Climate change means the government faces more costs from natural disasters. If only it admitted it.

Mantoloking Sandy damage

MALKA OLDER / NBC NEWS – Hurricanes might not be becoming more frequent, but they are certainly becoming more intense, and they are doing so in ways consistent with the predicted impacts of climate change. We only need to look as far as the Caribbean to observe this in the extraordinary damage caused by Hurricane Dorian this September — flooded houses, destroyed cars and swamped infrastructure that caused scores of deaths.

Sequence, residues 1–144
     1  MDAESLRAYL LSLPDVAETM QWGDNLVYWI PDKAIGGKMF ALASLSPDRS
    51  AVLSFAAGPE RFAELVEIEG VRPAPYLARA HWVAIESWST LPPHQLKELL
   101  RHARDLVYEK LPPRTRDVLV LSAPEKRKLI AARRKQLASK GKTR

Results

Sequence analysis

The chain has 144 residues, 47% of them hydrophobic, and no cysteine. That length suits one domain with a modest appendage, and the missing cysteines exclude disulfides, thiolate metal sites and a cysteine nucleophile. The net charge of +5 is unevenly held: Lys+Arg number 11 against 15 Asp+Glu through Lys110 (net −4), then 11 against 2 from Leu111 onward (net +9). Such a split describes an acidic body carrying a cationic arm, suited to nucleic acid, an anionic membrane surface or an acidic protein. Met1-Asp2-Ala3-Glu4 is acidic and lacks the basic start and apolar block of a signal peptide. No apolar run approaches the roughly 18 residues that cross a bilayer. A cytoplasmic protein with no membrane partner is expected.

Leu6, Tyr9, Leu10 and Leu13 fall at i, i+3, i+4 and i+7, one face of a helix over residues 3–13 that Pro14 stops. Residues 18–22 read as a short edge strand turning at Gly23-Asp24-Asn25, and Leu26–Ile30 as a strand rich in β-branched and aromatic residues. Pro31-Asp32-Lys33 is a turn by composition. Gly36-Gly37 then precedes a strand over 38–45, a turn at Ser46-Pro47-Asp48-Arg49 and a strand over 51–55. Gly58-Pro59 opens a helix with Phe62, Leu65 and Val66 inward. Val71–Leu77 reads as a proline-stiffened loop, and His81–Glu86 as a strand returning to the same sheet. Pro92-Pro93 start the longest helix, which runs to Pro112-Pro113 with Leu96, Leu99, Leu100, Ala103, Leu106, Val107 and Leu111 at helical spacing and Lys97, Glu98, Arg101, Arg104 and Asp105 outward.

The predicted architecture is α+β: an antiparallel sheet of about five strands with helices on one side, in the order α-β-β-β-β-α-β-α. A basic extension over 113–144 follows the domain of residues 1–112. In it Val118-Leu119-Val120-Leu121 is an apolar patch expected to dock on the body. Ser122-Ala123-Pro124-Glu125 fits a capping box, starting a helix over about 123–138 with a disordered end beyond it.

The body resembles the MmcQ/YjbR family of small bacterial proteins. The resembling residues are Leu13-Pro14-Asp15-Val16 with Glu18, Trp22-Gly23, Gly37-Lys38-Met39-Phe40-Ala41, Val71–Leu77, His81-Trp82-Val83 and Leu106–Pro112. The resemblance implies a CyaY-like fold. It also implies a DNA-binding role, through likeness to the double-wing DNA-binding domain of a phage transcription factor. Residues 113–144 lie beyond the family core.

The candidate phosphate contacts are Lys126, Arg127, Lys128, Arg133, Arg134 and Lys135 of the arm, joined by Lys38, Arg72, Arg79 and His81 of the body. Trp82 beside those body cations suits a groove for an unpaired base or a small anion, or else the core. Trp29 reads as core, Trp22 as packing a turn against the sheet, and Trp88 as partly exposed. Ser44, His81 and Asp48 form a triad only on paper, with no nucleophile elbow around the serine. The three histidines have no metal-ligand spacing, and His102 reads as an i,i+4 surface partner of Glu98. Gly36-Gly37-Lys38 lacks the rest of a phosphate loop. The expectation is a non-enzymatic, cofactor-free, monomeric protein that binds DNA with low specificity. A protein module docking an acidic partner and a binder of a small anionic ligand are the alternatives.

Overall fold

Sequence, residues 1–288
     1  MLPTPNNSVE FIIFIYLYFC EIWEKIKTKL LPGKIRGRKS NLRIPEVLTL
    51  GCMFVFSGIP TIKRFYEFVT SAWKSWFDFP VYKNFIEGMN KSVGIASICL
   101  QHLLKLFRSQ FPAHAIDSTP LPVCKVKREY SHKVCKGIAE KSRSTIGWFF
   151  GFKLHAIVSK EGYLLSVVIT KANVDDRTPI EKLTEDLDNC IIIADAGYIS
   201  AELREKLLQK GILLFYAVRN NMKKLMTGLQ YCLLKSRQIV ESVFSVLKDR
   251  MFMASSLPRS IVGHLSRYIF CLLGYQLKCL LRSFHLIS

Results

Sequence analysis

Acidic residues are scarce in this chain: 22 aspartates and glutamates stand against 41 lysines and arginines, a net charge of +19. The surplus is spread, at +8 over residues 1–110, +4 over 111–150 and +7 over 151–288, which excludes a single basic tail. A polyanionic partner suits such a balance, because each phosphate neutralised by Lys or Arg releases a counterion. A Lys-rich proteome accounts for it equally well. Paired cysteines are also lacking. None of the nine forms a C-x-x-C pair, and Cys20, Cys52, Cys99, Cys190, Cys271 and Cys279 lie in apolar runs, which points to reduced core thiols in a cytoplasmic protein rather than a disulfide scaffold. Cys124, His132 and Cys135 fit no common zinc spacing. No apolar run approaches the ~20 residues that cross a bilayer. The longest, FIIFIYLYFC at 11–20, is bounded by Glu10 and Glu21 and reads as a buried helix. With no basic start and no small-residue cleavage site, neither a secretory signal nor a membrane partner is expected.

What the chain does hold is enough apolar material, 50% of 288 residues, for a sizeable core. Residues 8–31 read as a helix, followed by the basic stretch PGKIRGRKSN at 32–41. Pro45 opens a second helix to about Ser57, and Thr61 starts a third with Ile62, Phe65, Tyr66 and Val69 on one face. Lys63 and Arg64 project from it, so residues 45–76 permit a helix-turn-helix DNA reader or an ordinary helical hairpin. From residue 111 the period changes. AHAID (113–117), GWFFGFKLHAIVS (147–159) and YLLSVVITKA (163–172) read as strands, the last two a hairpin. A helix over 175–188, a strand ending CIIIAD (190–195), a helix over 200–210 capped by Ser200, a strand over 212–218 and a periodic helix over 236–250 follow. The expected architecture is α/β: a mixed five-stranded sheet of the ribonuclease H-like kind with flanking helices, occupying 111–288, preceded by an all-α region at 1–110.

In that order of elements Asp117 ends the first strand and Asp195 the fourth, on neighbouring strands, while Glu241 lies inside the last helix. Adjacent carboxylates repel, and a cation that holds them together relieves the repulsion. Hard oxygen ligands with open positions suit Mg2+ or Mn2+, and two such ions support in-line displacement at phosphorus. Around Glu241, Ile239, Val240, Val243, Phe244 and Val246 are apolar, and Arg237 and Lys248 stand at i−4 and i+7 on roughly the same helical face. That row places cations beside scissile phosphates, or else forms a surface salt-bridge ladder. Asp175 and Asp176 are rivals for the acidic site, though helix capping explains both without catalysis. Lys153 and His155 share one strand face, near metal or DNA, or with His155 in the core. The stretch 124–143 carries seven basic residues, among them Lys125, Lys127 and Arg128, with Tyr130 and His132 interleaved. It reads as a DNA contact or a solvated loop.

Human settlements are getting more vulnerable to those hazards as the climate changes around them. Climate change can speed erosion and change shorelines and vegetation patterns, reducing natural barriers and making it harder to mitigate the devastation.

We can protect ourselves to some degree from these dire events, but only if we act before disasters strike. It’s much easier to save lives, and assets, by properly preparing for storms and other hazards than by responding after the fact. Cost-benefit analyses of disaster risk reduction and climate adaptation programming …

Malka Older is an associate researcher with the Center for the Sociology of Organizations at Institut d’Études Politques de Paris.

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